While he learnt his craft at Verona, the youngster lived in a monastery. “There was a place for the monks and another for the scholars in the academy,’ he says. “Six of us in a little room for one and a half years. The people there treated us in an amazing way, always respectful. They really took care of us and the food was amazing. We had to be in the house by 11 o’clock.”
Gentleman of Verona
The first major moment of his career came when he helped Verona reach Serie A for the first time in 11 years in 2014. He then helped them into the top four of the division by netting seven goals in 18 games before Rafael Benitez signed him for Napoli in the January transfer window. In fact, current owner Maurizio Setti has since revealed he purchased the club in 2012 after realising Jorginho’s talent.
Happy with Sarri
No coach has selected Jorginho more times in his career than the 162 times Maurizio Sarri has, who helped develop him into a star in Serie A during their time together at Napoli. On the day Sarri was appointed as Chelsea manager in the summer of 2018, Jorginho also signed for the club as the two continued their bond in England.
Jorginho has been a regular taker of spot-kicks throughout his career, and has netted 41 out of 48 so far, with 19 coming from 22 attempts in the Premier League – no player has taken more in the division in that time. He finished as the Blues’ top league scorer in the 2019/20 season with seven goals – all from the spot – with his unusual technique something he admitted he picked up during training sessions at Napoli.
Touch of class
In just his third game in the division, Jorginho equalled a Premier League record in August 2018 when he touched the ball 186 times in a game against Newcastle United, and surpassed that four weeks later by recording 191 against West Ham United. While that record is now held by Manchester City’s Rodri (195 v West Ham in February 2020), our new signing appears three times in the top seven of that particular list.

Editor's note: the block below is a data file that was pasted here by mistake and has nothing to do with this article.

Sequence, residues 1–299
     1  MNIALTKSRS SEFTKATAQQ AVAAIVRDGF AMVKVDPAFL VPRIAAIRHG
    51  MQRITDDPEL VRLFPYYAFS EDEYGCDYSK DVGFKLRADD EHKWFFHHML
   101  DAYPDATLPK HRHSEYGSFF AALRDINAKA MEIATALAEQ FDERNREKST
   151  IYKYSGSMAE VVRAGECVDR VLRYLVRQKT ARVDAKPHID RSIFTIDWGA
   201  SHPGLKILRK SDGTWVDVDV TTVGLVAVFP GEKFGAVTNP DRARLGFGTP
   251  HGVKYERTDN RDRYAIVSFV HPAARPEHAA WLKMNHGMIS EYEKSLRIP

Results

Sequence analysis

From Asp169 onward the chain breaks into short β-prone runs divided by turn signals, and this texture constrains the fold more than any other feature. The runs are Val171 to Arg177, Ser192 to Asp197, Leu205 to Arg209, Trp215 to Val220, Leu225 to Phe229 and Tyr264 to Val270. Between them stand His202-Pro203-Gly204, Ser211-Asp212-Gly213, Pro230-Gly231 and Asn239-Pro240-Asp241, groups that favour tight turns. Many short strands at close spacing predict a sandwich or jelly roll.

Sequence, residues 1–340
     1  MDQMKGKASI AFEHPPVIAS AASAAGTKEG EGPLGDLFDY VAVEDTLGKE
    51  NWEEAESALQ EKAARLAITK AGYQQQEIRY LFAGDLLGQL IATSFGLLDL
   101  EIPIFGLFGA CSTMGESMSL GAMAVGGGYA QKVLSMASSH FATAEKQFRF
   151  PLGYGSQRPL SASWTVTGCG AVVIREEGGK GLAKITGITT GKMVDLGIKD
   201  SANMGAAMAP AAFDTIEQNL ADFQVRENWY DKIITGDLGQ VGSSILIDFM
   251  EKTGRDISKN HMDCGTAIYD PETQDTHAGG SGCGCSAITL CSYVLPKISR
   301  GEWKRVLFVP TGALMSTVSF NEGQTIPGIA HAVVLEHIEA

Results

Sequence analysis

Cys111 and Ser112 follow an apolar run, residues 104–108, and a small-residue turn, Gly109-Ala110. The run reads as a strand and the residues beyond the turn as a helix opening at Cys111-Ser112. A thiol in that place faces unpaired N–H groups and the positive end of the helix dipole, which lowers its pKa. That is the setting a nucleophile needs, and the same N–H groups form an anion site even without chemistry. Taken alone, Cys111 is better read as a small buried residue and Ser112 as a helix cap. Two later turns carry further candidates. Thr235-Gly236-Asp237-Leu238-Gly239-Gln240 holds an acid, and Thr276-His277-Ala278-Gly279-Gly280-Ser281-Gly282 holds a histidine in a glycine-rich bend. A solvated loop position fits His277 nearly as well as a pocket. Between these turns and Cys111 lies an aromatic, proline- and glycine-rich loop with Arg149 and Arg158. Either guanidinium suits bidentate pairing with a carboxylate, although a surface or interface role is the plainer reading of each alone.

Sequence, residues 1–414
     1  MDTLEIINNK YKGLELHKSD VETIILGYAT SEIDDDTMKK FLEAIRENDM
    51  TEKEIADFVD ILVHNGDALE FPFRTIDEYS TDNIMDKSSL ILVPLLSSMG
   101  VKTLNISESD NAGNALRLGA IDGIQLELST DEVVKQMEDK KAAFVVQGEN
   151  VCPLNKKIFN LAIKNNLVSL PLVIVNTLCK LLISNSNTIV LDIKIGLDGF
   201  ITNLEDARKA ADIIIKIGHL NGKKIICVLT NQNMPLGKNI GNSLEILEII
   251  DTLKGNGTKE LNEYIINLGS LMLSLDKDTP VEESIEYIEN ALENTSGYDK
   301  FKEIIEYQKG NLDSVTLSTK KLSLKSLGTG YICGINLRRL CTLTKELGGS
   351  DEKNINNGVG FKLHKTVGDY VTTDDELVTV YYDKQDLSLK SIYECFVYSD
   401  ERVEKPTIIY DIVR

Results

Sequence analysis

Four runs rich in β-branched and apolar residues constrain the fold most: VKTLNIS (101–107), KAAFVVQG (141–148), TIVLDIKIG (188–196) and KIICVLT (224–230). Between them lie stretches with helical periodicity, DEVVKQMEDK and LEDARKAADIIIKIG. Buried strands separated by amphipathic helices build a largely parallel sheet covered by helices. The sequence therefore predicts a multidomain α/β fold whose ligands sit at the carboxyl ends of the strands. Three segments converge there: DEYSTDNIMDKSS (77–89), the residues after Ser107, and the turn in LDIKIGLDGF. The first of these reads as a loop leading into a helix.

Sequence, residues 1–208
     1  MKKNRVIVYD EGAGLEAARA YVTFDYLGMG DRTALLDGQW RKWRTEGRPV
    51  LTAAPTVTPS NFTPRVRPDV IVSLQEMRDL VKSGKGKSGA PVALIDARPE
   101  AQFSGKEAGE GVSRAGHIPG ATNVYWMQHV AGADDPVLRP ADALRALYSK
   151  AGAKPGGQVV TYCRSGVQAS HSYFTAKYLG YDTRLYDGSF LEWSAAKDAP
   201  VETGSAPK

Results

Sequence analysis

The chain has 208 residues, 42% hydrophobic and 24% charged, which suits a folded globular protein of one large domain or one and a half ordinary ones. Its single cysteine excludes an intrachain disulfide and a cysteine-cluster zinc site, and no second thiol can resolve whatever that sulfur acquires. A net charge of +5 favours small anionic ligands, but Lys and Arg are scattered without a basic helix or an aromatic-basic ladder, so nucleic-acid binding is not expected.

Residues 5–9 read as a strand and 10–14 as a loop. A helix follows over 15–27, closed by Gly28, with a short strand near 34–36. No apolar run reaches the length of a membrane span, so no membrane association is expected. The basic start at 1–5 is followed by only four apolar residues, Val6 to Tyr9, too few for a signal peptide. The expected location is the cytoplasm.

After clinching Euro 2020, Jorginho joined an elite list of players to have won both the European Cup/Champions League and the European Championships in the same year. The first was Luis Suarez in 1964 who played for Inter Milan and Spain, while in 1988 Hans van Breukelen, Ronald Koeman, Berry van Aerle and Gerald Vanenburg did the double with PSV Eindhoven and the Netherlands.
In more recent times, Chelsea duo Fernando Torres and Juan Mata repeated the feat with Spain, while Cristiano Ronaldo and Pepe had been the last to do so when Real Madrid and Portugal tasted glory.
Year to remember
After winning both the Champions League and the re-arranged Euro 2020 during the 2020/21 campaign, Jorginho was awarded UEFA’s Player of the Year award. After tallying the votes from national team coaches, managers involved in European competitions and a jury of journalists, the Italian international edged out Kevin de Bruyne and N’Golo Kante to pick up the prestigious prize.
Going against the Gunners
The Italian has twice netted against us for the Blues, at home and away during the 2019/20 campaign. He tapped home late on during a 2-1 success for Chelsea at the Emirates at December 2019, before converting from 12 yards during a chaotic 2-2 draw at Stamford Bridge the following month.
That was one of just four triumphs at our expense during 10 appearances with the Blues, including victory in the 2018/19 Europa League final in Baku, but losing the FA Cup final 12 months later.
Top of the list
No Italian midfielder has scored more goals in the Premier League than Jorginho’s 21 strikes. His nearest rival is Roberto di Matteo who got 15 for Chelsea, while only strikers Paulo di Canio, Gianfranco Zola, Benito Carbone, Fabrizio Ravanelli and Graziano Pelle have scored more than his current haul.
In September 2021, he captained Italy for the first time on the occasion of his 38th cap in a World Cup qualifier against Lithuania, in a game that brought a 5-0 win for Jorginho’s side. That was the first time the Azzurri had been skippered by a non-native Italian since 1960, when Argentinan-born Miguel Angel Montuori donned the armband.
Jorginho will be just the third Italian to feature for us in competitive action. Arturo Lupoli was the first, scoring three goals in nine appearances between 2004 and 2006, while goalkeeper Vito Mannone played 23 times between 2009 and 2012.